- Air New Zealand (AIZ) says ongoing COVID-19 travel restrictions are costing the airline up to $55 million per month
- Auckland remains in alert level four lockdown, with the rest of the country operating under level two restrictions
- AIZ has requested further funds from a Crown standby loan facility, taking the total amount drawn down by the airline to $435 million
- Shares last traded at $1.50 on September 16
Air New Zealand (AIZ) says ongoing COVID-19 travel restrictions are costing the airline up to $55 million per month.
The island nation entered an alert level four lockdown on August 17, severely restricting domestic travel as well as commercial international flights.
Except for Auckland, which remains at level four, the rest of New Zealand has moved to alert level two, meaning visitors may use international air services but only to travel home.
As previously announced, AIZ said its earnings guidance had been suspended on August 26 due to the uncertainty surrounding nationwide lockdowns and the ongoing suspension of trans-Tasman quarantine-free travel.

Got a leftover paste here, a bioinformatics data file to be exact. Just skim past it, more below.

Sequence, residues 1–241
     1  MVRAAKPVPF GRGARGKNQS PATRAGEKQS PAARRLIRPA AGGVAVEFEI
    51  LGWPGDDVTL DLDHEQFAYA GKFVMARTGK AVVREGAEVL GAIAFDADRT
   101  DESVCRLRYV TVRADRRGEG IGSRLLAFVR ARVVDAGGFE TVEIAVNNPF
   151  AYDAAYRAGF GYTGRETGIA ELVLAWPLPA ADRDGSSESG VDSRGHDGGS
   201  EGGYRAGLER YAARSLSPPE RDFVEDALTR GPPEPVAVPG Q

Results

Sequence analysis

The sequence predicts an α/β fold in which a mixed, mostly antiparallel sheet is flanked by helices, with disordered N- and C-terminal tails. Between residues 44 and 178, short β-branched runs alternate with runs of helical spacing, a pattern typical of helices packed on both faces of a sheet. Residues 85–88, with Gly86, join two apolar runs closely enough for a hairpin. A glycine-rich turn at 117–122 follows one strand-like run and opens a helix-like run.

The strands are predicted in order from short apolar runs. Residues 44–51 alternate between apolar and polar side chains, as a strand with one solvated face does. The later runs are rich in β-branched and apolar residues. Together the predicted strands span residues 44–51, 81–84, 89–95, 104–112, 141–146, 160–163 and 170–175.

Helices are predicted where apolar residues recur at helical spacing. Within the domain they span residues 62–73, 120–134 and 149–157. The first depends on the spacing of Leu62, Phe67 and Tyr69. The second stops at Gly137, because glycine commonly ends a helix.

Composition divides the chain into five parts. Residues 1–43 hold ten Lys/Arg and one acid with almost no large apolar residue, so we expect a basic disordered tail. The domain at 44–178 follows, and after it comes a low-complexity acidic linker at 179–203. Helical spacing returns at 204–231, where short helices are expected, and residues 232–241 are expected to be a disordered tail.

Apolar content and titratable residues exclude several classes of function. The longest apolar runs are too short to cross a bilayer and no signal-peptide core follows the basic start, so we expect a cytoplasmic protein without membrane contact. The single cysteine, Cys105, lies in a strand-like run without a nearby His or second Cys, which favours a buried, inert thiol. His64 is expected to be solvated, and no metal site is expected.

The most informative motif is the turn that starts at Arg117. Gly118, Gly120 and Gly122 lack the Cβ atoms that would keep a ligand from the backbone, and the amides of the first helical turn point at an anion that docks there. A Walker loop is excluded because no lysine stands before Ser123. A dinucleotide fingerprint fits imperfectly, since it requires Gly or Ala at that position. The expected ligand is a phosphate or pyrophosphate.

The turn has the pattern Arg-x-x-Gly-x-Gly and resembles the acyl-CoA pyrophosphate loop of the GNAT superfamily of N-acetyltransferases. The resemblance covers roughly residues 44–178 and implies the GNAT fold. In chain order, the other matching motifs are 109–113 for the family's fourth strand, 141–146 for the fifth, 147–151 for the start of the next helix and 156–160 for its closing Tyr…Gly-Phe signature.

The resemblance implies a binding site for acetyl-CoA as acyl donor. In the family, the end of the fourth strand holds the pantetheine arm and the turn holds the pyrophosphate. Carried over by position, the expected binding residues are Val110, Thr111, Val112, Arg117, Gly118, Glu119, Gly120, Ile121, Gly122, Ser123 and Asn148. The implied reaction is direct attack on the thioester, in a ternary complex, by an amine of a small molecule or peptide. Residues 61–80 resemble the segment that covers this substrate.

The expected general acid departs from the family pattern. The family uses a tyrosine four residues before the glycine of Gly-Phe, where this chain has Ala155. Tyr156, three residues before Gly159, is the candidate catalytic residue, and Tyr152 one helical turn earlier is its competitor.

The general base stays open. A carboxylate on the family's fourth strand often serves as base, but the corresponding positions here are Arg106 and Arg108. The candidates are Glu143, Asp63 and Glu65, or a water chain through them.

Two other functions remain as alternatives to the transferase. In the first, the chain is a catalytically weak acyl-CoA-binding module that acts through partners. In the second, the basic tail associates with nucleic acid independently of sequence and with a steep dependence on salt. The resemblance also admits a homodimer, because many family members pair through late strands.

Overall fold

The company said it was unclear how demand would recover once restrictions were lifted but estimated the ongoing measures would cost Air New Zealand between $45 million and $55 million per month, factoring in any wage subsidies received.
Even with the rest of the country operating under level one or two lockdown conditions, AIZ said Auckland’s level three and four restrictions alone would cost the company $25 million to $35 million monthly, including wage benefits.
In particular, the suspension of flights between Australia and its neighbour will slash $20-$25 million from the airline every month.
AIZ said it was continuing around 50 cargo flights per week and observing strong demand for air travel across NZ’s regions that are in level two restrictions.
As a result of its reduced operating cash flow and planned cash payments relating to aircraft in the coming months, Air New Zealand has reportedly drawn down further on the Crown standby loan facility.
The company has now requested additional funds from the facility, bringing the total amount drawn down to $435 million and leaving $1.06 billion still available.
Shares last traded at $1.50 on September 16, 2021.